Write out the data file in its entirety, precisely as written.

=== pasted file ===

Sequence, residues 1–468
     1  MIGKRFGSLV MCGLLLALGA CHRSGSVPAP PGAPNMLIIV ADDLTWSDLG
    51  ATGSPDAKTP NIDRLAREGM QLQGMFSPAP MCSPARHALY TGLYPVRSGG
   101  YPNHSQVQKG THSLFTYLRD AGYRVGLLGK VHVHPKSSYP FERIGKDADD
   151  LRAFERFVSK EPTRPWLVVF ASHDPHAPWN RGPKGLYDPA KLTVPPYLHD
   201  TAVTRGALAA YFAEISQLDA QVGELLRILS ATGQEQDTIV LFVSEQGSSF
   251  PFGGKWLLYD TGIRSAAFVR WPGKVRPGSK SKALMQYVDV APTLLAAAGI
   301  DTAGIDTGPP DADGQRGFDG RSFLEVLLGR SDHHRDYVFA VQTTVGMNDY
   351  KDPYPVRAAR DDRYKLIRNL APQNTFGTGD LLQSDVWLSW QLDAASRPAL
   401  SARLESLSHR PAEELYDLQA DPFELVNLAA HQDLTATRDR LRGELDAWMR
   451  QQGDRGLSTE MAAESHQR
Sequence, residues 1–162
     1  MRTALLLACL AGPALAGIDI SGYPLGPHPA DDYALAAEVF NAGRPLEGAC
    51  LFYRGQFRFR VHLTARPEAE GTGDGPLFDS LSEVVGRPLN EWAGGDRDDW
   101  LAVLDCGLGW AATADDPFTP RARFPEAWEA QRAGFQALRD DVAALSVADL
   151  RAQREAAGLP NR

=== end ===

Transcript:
Sequence, residues 1–468
     1  MIGKRFGSLV MCGLLLALGA CHRSGSVPAP PGAPNMLIIV ADDLTWSDLG
    51  ATGSPDAKTP NIDRLAREGM QLQGMFSPAP MCSPARHALY TGLYPVRSGG
   101  YPNHSQVQKG THSLFTYLRD AGYRVGLLGK VHVHPKSSYP FERIGKDADD
   151  LRAFERFVSK EPTRPWLVVF ASHDPHAPWN RGPKGLYDPA KLTVPPYLHD
   201  TAVTRGALAA YFAEISQLDA QVGELLRILS ATGQEQDTIV LFVSEQGSSF
   251  PFGGKWLLYD TGIRSAAFVR WPGKVRPGSK SKALMQYVDV APTLLAAAGI
   301  DTAGIDTGPP DADGQRGFDG RSFLEVLLGR SDHHRDYVFA VQTTVGMNDY
   351  KDPYPVRAAR DDRYKLIRNL APQNTFGTGD LLQSDVWLSW QLDAASRPAL
   401  SARLESLSHR PAEELYDLQA DPFELVNLAA HQDLTATRDR LRGELDAWMR
   451  QQGDRGLSTE MAAESHQR
Sequence, residues 1–162
     1  MRTALLLACL AGPALAGIDI SGYPLGPHPA DDYALAAEVF NAGRPLEGAC
    51  LFYRGQFRFR VHLTARPEAE GTGDGPLFDS LSEVVGRPLN EWAGGDRDDW
   101  LAVLDCGLGW AATADDPFTP RARFPEAWEA QRAGFQALRD DVAALSVADL
   151  RAQREAAGLP NR